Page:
Rabbi Geoffrey Spector remembers Rhoda Goodman as an “out-of-the-box thinker and lifelong learner.”
Goodman, who died in 2006, was an active member of Spector’s Temple Beth Shalom in Livingston and, for 15 years until 1990, an administrator at what is now JCC MetroWest in West Orange.
Spector and others who knew her agree she would have appreciated a gift to the synagogue made in her name by her husband Morris: new Smartboards along with two dozen iPads meant to bring the synagogue preschool and religious school deeper into the digital era.
On Feb. 12, Beth Shalom dedicated the new equipment at a gathering that included Morris Goodman and the couple’s children Martin, Jay, and Carol with their children, as well as synagogue friends and supporters.
“My wife was born much too early for technology, as was I,” said Morris in a phone conversation with NJJN. “But she really got comfortable with it and would always work with it. And that’s how kids are learning today. It fascinates me, and it just felt right” to donate the equipment in her name.
At the dedication, religious school director Leah Beker said she can already see students’ enthusiasm for the new devices.
“Using the most up-to-date technology continually generates excitement for learning among our students and enhances their experience,” she said.
Michael Newman, director of educational technology at the Golda Och Academy and a certified Smartboard trainer, played an instrumental role in preparing the Smartboard and iPads for use. Over the past 16 years, Newman has helped Beker implement her technological vision. During the dedication, Newman gave a demonstration of the many applications of the Smartboard technology — essentially a whiteboard that can communicate with computers — and showed how it has been integrated with the curriculum currently in use in the religious school.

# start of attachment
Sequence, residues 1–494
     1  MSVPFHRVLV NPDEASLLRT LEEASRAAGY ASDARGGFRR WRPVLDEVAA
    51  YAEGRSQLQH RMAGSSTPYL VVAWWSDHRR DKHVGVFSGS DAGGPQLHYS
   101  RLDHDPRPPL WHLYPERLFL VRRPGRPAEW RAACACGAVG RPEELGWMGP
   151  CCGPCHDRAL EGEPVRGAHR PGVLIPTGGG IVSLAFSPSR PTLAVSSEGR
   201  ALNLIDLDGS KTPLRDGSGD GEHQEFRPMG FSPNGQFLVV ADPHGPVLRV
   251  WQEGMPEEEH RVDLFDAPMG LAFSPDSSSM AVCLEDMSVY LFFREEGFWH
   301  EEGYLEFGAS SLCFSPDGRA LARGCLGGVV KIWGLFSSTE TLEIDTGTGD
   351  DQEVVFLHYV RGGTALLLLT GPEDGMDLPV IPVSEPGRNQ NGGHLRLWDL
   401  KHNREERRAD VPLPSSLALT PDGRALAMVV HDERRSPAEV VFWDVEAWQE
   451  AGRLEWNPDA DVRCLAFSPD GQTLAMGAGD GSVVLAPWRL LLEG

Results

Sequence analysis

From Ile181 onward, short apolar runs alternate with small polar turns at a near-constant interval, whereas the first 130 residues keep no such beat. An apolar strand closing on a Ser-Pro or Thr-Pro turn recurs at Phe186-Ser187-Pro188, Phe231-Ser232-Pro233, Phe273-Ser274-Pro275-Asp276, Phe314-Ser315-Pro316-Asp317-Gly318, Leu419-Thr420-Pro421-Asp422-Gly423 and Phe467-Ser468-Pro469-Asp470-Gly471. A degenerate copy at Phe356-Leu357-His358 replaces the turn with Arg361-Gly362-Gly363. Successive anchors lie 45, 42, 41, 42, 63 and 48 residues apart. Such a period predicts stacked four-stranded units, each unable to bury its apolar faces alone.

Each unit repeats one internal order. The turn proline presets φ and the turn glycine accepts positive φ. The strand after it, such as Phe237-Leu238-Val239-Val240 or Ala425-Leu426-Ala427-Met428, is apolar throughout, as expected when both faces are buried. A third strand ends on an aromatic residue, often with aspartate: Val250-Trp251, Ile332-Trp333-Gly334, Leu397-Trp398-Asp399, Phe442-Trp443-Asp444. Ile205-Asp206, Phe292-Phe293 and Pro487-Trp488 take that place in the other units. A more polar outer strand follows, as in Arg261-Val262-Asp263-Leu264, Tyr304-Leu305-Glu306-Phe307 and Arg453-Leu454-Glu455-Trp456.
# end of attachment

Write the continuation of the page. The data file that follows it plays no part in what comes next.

Those gathered for the dedication had a chance to learn from teachers Naomi Alaluf and Rachel Friedman how iPad software is being used to teach younger students to read Hebrew. Beth Shalom’s assistant rabbi, Dan Dorsch, demonstrated how the iPads are being used to prepare b’nei mitzva students to lead religious services. Alef class students, directed by their teacher Sari Manor, played one of their favorite Hebrew matching games.
Spector said that Rhoda Goodman would have “relished the opportunity to see this type of modern technology in use in a Jewish classroom.”
He pointed out that Rhoda’s impact could be felt throughout the Jewish community. She served as associate director for 15 years of what was first known as the YM-YWHA of Essex County and later as the JCC of Metropolitan New Jersey.
“Rhoda always was the kind of person who had a smile on her face,” said congregation president Margie Wolfe. “After visiting Rhoda, I always felt uplifted.”
Also attending the dedication were Max Kleinman, executive vice president/CEO of the Jewish Federation of Greater MetroWest NJ; past synagogue presidents; and Livingston’s deputy mayor, Michael Silverman.
“Rhoda has stayed very much alive within me these last seven-and-a-half years,” said Morris Goodman. “It felt good sharing this with other people.”